Soon enough (though not soon enough) he saw the glowing sign of the bar.  A different draft greeted him as soon as opened the huge wooden door and stepped inside.  A woodsy rich warmth enveloped in before he could get his coat off.  Inwardly, he sighed.

Looking around, he realized none of his friends were there yet.  He was early.   There was a set of four thick velour-covered armchairs that were mostly empty, waiting to make him comfortable.  The only occupied chair contained a gentle-faced bearded man, who was reading a newspaper.   He noted that the guy’s stomach overflowed the arms of the chair, precariously pushing the boundaries of his heavily stained white shirt.

After sitting down, he heard a voice.  It was the Beard.

“Excuse me.”

He looked at him.

The Beard’s voice was gentle.  “Hope you don’t mind.  I’m waiting for my students to join me.”

He stood up.  “Oh sorry.  I should have asked.”

The Beard smiled.  “No problem.  I’m using a wheelchair, and they’re …..”  His voice was lost.  Either that or in his haste to find another spot for him and his friends, he had stopped paying much attention to whatever The Beard was saying.

“No problem. I’ll just sit over here.”

“Sorry about disturbing you.”

Disturbing.  That was an odd choice of word.   “No problem” he said again, nodding.

Just as he was sitting down to a table, his friends arrived, laughing and joking.  “Over here!” he said, and they made their way over.

The discussion was just as bright as he anticipated.  Except of course for their cheerful thoughts about the coming winter.  With the exception of one wayward remark “you know – I frigging HATE winter.  So shut up about it already” he mostly kept his opinion to himself.  They would only laugh anyway.   Saying more about it would be redundant.

The wine and beer flowed, and the laughter got a little raucous.   The owner of the place enjoyed a variety of music, which provided a pleasant backdrop to their conversations.  This, he knew, was what set this place against others.  Here, you could talk and expect to be heard.

As the night wore on, he looked over and noticed that The Beards’ students hadn’t joined him.

As he came back from one of his many bathroom visits, The Beard said something to him.

He turned back and looked at him.  “Sorry?”

“I wonder if you could do me a huge favour?” he asked.


The Beard’s hand dove into his deep pants pocket, and after a lot of grunting and shifting, he eventually wrestled out a tangle of keys.

“Would you mind going out to my white SUV – just outside the door –  and getting me my asthma inhaler?  It’s in the glove compartment.  I’d do it myself but I’m in a wheelchair…”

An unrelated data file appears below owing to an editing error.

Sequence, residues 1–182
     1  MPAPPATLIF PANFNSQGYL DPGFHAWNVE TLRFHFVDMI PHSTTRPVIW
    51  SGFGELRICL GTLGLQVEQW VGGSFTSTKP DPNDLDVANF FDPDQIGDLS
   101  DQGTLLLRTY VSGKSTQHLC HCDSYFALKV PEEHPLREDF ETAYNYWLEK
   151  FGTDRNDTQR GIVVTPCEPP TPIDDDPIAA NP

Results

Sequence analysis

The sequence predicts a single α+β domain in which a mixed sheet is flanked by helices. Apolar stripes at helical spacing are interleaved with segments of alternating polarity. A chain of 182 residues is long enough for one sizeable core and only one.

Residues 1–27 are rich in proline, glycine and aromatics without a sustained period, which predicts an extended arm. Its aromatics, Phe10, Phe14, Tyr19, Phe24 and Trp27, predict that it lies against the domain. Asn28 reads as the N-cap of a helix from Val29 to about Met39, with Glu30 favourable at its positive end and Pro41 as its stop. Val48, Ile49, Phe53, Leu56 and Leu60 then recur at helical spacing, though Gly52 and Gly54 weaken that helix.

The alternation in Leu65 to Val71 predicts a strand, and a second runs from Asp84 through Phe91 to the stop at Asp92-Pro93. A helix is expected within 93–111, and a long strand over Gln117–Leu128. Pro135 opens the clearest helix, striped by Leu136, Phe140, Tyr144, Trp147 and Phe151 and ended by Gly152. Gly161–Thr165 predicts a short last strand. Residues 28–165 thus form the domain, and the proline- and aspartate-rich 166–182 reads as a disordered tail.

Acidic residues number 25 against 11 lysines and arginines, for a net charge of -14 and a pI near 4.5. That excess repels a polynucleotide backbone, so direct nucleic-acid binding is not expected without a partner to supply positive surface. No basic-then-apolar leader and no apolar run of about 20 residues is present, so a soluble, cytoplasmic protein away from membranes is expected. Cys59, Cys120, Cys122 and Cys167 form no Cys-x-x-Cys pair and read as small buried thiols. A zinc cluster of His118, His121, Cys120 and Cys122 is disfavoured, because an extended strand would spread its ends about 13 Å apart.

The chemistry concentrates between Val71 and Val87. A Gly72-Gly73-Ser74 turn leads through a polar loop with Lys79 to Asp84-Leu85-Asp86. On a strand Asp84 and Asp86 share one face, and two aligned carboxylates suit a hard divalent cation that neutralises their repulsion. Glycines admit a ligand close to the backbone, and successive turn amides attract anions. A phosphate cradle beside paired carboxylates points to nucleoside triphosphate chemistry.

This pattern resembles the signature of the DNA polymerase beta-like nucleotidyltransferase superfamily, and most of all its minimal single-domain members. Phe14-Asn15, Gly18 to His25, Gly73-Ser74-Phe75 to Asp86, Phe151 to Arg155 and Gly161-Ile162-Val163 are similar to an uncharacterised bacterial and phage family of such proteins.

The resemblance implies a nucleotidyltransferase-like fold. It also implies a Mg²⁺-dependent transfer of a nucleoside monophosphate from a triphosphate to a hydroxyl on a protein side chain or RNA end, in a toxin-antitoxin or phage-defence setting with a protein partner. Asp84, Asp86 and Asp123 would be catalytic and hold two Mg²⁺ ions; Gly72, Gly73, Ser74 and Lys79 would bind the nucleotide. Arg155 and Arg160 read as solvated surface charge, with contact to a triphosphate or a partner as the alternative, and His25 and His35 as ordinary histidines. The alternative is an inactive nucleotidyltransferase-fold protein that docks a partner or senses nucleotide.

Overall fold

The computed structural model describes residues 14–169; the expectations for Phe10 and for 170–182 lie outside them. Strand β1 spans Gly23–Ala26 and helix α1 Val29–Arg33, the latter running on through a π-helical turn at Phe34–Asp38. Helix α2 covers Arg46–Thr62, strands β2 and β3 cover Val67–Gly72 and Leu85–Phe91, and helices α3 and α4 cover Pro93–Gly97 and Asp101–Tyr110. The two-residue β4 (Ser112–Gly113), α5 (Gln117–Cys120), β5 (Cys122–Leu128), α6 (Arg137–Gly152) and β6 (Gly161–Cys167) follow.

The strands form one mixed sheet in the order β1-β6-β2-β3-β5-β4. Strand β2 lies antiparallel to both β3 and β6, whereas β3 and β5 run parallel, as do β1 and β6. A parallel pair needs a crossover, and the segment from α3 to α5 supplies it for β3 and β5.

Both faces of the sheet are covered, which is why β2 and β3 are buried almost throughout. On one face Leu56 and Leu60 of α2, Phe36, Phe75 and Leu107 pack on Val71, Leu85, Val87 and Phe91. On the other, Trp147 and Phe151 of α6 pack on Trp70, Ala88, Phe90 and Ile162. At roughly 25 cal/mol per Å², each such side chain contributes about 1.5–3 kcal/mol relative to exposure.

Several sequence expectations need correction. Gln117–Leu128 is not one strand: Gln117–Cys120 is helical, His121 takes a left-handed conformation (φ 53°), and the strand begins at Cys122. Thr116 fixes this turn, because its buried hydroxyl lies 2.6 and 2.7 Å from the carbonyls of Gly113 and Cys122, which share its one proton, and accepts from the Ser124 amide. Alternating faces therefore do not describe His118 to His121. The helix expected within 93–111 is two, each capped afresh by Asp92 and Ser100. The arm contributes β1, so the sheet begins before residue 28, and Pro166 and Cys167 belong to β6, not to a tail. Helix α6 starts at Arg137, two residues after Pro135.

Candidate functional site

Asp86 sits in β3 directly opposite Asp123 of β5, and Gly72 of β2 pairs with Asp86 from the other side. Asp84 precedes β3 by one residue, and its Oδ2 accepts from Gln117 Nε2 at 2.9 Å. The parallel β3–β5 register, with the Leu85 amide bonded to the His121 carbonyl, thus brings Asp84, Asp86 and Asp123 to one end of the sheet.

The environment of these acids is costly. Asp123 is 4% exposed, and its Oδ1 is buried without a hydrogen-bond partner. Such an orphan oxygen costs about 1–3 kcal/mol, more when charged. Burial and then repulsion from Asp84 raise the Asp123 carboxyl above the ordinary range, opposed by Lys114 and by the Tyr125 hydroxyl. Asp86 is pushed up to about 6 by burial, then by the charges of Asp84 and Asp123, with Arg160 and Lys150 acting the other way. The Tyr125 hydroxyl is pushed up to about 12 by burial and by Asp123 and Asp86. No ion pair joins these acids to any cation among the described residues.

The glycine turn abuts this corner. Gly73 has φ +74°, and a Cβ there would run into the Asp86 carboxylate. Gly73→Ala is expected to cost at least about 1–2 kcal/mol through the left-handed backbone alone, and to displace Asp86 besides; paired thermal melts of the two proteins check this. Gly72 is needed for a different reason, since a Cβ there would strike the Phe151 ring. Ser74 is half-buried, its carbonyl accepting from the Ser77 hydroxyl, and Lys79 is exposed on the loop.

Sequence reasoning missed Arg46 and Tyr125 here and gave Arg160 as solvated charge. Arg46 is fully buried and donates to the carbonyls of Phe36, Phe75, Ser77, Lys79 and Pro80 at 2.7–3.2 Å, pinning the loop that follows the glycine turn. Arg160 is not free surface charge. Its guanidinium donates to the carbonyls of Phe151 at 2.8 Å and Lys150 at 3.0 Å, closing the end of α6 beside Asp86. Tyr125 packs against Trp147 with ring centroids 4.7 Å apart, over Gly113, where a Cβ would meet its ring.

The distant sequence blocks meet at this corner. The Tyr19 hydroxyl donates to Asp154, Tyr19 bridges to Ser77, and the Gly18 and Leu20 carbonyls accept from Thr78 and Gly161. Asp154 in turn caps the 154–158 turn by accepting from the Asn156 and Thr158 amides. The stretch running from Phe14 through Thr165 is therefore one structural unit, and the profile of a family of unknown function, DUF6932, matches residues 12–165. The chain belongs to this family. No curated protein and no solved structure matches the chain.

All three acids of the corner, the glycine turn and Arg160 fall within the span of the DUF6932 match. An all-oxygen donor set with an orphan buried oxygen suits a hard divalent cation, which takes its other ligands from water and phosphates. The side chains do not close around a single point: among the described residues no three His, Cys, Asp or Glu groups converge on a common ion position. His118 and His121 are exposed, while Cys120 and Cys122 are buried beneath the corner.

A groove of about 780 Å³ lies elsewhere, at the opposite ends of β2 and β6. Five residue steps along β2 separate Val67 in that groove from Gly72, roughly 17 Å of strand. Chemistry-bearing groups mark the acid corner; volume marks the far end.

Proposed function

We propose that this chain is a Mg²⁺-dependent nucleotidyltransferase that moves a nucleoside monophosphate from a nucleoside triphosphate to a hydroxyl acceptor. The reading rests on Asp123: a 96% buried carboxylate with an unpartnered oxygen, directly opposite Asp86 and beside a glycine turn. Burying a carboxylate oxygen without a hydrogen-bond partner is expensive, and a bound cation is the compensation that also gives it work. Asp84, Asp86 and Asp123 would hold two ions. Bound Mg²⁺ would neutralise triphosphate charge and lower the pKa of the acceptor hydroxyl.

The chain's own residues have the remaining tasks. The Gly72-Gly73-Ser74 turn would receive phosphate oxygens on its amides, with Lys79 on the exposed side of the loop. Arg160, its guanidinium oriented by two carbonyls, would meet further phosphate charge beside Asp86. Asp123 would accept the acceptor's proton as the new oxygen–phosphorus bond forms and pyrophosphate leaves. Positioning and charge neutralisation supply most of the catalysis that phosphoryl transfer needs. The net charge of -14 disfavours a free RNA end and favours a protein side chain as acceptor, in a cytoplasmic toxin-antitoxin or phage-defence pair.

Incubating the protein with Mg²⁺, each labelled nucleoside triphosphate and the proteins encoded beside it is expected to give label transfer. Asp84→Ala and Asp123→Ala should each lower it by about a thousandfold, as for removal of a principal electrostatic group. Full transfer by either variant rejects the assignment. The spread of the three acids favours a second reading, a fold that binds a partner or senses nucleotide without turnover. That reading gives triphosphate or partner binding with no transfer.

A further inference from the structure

He glanced around and couldn’t for the life of him see the wheelchair.  The Beard was large enough to need one though so he let it go.

The Beard continued.  “And I’ll pay you for your troubles.”

He shook his head.  “No problem.  And no need to pay me.”   He took the keys.   “The white SUV, right?”

The Beard smiled.  “Right.   Oh, and you’ll have to go in the driver’s door, because the passenger side is broken.”

He took the keys and went out to the parking lot.  He saw the SUV immediately.   As soon as he opened the door,  a soul-destroying fragrance assaulted him.  His ever-lingering entomophobia raised its ugly head.  The presence of this stink must warrant a party of bugs, he just knew it.   Of course, the glove compartment was nowhere within reaching distance, so he knew he’d have to climb into the driver’s seat.  The stinky, probably bug-filled driver’s seat.

Right away he noticed the piles of newspapers, and all of the unopened packages of meat.  There was a lot of them, all with their store stickers still attached.  He wondered how old they were.  Hopefully The Beard had just purchased them.  If not, this could be the source of the horrendous stench.  It could just as easily be body odour though.  Or bugs.  Millions of bugs.

After finally locating the inhaler, he couldn’t get out of the SUV fast enough.  His skin rebelled as if trying to crawl off of his frame.  He knew his first job after the bar was to jump in the shower.  Maybe his clothes needed to be burned.  He wasn’t sure yet.

As he handed the inhaler to him, The Beard said “oh, thank you.  I’ll pay you.  How much do you want?”

Why was this guy talking about paying him?  Where did that come from?   “No, it’s OK. No pay required.”  He gave The Beard a sick smile.

The Beard smiled back.  “Thanks.   Oh, and would you do me one more favour?”

He looked at him.

“Would you ask the waitress for a pen?  I’m going to do a crossword.”

That was easy.  “OK.  Sure.”

He got the pen and gave it to him.

The Beard said “thanks.  And would you mind asking the waitress to…”

He interrupted him.  “Sorry – I have to get going.”

“Oh” The Beard said.  “Well ok.  Thanks again.”